Norman O. Scribner, founder and artistic director of the Choral Arts Society of Washington, one of the region’s preeminent symphonic choirs, died March 22 at his home in the District. He was 79.
The cause was a heart attack, said a son, Matthew Scribner.
The late Washington Post music critic Paul Hume once called Mr. Scribner “one of Washington’s finest musicians and one of the most gifted choral conductors in the country.”
A skilled pianist, organist and composer, he spent nearly five decades at the helm of the Choral Arts Society. There, he coached and conducted thousands of singers in concerts at the John F. Kennedy Center for the Performing Arts and other venues in the United States and abroad.
The choral society formed in 1963 at the urging of Howard Mitchell, then director of National Symphony Orchestra. Impressed by Mr. Scribner’s “ability and intensity” after watching him perform as a church choirmaster and NSO staff keyboardist, Mitchell asked him to assemble a community chorus for the orchestra’s holiday performance of Handel’s oratorio “Messiah.”
To recruit volunteer singers, Mr. Scribner placed a help-wanted ad in a local newspaper. “The response was overwhelming,” he later wrote, “with nearly 500 eager choristers auditioning, enabling me to select a first-class chorus of approximately 120 voices. It was the excitement generated by that experience that caused the spontaneous desire to remain intact as a group.”
The performance was well-received, and the choir reassembled for two subsequent “Messiah” concerts. The choral society was established as an independent choral organization in 1965 and formally incorporated in 1966.
Two years later, the chorale performed on the steps of the Lincoln Memorial as part of the funeral procession of then-Sen. Robert F. Kennedy of New York, who had been assassinated while running for president.
“He gets us to a point where we are razor sharp, not in just knowing the notes, but knowing the music and what the composer is trying to express,” chorale member Glen Howard once told the Washington Times about Mr. Scribner. “He’s like most great conductors: They make you give more than you think you have.”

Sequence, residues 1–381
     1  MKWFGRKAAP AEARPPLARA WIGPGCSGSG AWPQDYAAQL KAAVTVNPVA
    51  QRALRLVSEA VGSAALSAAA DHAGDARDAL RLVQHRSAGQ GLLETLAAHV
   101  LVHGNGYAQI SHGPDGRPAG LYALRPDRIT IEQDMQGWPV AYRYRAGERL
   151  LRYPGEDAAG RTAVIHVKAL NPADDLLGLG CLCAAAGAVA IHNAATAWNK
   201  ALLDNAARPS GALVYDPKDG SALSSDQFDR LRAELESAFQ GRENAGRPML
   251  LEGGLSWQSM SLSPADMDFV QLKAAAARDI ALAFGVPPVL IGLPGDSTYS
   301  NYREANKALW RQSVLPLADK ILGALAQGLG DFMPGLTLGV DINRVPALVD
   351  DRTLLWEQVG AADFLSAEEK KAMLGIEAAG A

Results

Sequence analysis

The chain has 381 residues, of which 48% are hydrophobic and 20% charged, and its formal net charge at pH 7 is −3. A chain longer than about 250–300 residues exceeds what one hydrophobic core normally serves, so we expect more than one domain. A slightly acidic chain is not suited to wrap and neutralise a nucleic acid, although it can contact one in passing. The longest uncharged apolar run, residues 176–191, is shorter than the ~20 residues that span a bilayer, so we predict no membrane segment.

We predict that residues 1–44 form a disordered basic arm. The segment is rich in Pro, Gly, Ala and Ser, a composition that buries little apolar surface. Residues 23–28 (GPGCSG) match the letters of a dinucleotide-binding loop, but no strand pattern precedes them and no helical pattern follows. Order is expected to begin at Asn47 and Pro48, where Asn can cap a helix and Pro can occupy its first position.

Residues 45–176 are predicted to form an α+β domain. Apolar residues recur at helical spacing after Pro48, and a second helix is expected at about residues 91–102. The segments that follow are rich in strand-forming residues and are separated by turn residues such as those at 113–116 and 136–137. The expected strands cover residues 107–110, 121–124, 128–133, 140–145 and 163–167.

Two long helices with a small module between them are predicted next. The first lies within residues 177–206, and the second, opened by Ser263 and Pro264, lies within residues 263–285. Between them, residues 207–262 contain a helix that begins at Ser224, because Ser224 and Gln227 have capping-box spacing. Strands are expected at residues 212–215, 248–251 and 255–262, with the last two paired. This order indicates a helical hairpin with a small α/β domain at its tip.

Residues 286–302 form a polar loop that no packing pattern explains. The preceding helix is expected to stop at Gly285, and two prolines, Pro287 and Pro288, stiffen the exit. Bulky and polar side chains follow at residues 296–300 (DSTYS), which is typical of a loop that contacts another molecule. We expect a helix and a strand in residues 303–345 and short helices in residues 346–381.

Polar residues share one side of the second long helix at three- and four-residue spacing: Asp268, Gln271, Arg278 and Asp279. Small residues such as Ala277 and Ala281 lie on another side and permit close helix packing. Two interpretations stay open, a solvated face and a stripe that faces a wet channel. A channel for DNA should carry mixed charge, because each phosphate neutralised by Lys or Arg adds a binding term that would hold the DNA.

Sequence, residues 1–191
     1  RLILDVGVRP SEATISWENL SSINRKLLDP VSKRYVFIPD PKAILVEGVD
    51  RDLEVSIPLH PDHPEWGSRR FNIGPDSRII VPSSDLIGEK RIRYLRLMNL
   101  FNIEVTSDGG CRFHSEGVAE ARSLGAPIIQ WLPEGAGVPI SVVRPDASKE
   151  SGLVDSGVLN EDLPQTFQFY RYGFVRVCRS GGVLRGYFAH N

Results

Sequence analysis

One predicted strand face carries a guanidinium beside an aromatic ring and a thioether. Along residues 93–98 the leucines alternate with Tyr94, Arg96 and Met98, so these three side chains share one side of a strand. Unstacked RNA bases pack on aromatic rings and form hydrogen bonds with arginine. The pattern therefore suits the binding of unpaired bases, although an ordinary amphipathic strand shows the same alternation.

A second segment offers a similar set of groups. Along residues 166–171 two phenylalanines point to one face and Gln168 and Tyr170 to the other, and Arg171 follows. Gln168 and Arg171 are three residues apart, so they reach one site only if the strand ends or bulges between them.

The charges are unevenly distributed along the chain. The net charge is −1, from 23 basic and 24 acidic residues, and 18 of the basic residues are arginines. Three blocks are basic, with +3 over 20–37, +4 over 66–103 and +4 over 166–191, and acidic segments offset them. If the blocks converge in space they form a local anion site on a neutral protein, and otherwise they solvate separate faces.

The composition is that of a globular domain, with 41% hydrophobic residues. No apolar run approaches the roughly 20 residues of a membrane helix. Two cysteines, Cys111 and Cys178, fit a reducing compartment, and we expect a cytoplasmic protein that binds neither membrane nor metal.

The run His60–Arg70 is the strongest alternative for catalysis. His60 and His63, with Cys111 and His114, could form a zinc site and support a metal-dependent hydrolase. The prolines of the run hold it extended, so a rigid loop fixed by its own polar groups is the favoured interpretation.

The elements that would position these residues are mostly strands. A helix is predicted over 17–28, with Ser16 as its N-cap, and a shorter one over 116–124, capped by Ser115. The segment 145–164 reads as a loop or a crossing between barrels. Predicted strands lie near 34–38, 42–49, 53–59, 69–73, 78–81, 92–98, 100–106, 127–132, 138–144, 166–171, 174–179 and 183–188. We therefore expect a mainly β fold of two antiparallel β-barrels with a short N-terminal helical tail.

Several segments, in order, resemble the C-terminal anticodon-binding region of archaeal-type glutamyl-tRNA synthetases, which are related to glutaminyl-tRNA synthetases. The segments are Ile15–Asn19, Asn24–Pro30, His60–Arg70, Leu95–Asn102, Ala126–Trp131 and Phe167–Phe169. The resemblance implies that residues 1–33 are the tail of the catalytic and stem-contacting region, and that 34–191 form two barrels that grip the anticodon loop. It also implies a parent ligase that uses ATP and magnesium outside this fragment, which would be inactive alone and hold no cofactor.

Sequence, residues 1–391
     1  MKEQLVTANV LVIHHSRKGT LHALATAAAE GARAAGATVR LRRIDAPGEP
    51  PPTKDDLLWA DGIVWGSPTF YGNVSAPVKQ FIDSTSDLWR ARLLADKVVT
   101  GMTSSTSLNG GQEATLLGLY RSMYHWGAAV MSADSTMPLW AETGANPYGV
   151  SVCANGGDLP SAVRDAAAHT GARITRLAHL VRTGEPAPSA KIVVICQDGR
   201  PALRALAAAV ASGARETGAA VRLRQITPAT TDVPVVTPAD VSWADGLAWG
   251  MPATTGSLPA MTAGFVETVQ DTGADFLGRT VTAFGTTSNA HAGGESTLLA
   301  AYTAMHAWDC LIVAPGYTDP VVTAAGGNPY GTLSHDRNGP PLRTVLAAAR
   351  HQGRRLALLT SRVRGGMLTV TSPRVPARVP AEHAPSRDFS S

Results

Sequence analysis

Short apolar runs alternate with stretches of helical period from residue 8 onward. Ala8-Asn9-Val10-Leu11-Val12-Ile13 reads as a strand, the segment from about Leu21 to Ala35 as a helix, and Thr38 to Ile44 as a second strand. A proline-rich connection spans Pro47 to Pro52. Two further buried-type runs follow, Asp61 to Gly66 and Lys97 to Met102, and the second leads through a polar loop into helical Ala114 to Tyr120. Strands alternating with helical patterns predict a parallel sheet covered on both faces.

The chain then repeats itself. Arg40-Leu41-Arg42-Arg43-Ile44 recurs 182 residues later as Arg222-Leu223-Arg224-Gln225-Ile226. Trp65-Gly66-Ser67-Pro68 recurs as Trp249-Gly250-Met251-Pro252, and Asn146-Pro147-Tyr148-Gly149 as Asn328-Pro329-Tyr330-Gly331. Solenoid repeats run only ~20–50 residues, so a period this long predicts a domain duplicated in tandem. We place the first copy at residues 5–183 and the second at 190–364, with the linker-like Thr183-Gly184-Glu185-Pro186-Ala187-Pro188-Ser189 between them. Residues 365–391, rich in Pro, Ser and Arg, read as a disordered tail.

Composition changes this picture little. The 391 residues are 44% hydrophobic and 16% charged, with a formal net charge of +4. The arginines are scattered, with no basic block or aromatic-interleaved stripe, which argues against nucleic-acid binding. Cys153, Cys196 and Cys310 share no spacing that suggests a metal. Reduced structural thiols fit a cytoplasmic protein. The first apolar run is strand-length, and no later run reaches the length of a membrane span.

In 1969, a year after the assassination of the Rev. Martin Luther King Jr. sparked riots in Washington, Mr. Scribner coordinated and conducted a tribute concert to King at the Shiloh Baptist Church in the District.
“He felt very strongly that he could and would bring the community together through song and music,” Debra Kraft, the executive director of the Choral Arts Society of Washington, said this week. “He believed in the beauty of music and its power to heal.” The King tribute concert is now an annual event hosted by the Kennedy Center and features local performance groups and ensembles.
During his tenure, the Choral Arts Society participated in seven international tours, produced more than 15 commercial recordings, presented 25 world premiere commissions and performed on the Grammy Award-winning classical album “Of Rage and Remembrance” in 1996. They collaborated with conductors such as Leonard Slatkin, Valery Gergiev, Mstislav Rostropovich and Christoph Eschenbach.
Mr. Scribner retired in 2012. “I could go on for more years, but . . . it all comes down to this general sensation that there’s a right time for everything,” he told The Post at the time. “The Bible says there’s a time for this and a time for that, and I just felt instinctively that it was time for a younger person to get in.”
Norman Orville Scribner was born in Washington on Feb. 25, 1936. His mother was a home economics teacher, and his father and grandfather where Methodist clergymen. In his youth, he debated following in his family’s religious footsteps but ultimately “viewed music as a form of ministry,” he told The Post.
He began taking piano lessons at 10 and was awarded a scholarship to study organ at the Peabody music conservatory in Baltimore. He graduated in 1961.
After a brief stint in the Army, he returned to the Washington area and began working at the Washington National Cathedral. He was organist-choirmaster of St. Alban’s Episcopal Church in the District from 1960 to 2007.
He composed instrumental, solo vocal and choral works, and was a music faculty member at American University, George Washington University and the Washington National Cathedral’s college of church musicians. He met his future wife Shirley Heiney, a pianist and alto singer, while conducting American University’s chorale in 1960.
He received a Peabody Distinguished Alumni Award in 2006 and the Choral Arts’ humanitarian award in 2012.
Besides his wife of 48 years, of Washington, survivors include four children, David Scribner of Takoma Park, Md., Jonathan Scribner of Kensington, Md., Matthew Scribner of Washington and Rachel Lunsford of Silver Spring, Md.; a sister; and eight grandchildren.
At his final curtain call at the Kennedy Center, Mr. Scribner kept the spotlight on the music, not his retirement.
“Scribner is one of music’s most devout acolytes: He takes it exactly as it is. He venerates it but does not pontificate; his whole manner is homespun. . . . There’s no great emoting, no excess, no attempt to present himself as a conductor,” Post music critic Anne Midgette wrote in her review. “Even in this, his swan song, [he] conducted as if he wanted to stand aside and give the music center stage.”